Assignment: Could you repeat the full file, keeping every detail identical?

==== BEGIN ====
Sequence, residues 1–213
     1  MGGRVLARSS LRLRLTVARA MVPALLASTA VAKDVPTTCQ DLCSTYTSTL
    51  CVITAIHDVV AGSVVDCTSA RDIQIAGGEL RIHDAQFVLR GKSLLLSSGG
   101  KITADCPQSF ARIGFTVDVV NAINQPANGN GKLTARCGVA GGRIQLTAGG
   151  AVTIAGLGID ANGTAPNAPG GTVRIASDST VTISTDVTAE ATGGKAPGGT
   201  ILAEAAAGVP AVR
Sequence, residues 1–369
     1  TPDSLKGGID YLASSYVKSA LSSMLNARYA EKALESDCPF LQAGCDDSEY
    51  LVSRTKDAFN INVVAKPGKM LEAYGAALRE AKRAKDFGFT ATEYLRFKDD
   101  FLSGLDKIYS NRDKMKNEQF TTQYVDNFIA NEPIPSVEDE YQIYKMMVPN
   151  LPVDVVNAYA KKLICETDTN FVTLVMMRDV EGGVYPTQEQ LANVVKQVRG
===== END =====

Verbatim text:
Sequence, residues 1–213
     1  MGGRVLARSS LRLRLTVARA MVPALLASTA VAKDVPTTCQ DLCSTYTSTL
    51  CVITAIHDVV AGSVVDCTSA RDIQIAGGEL RIHDAQFVLR GKSLLLSSGG
   101  KITADCPQSF ARIGFTVDVV NAINQPANGN GKLTARCGVA GGRIQLTAGG
   151  AVTIAGLGID ANGTAPNAPG GTVRIASDST VTISTDVTAE ATGGKAPGGT
   201  ILAEAAAGVP AVR
Sequence, residues 1–369
     1  TPDSLKGGID YLASSYVKSA LSSMLNARYA EKALESDCPF LQAGCDDSEY
    51  LVSRTKDAFN INVVAKPGKM LEAYGAALRE AKRAKDFGFT ATEYLRFKDD
   101  FLSGLDKIYS NRDKMKNEQF TTQYVDNFIA NEPIPSVEDE YQIYKMMVPN
   151  LPVDVVNAYA KKLICETDTN FVTLVMMRDV EGGVYPTQEQ LANVVKQVRG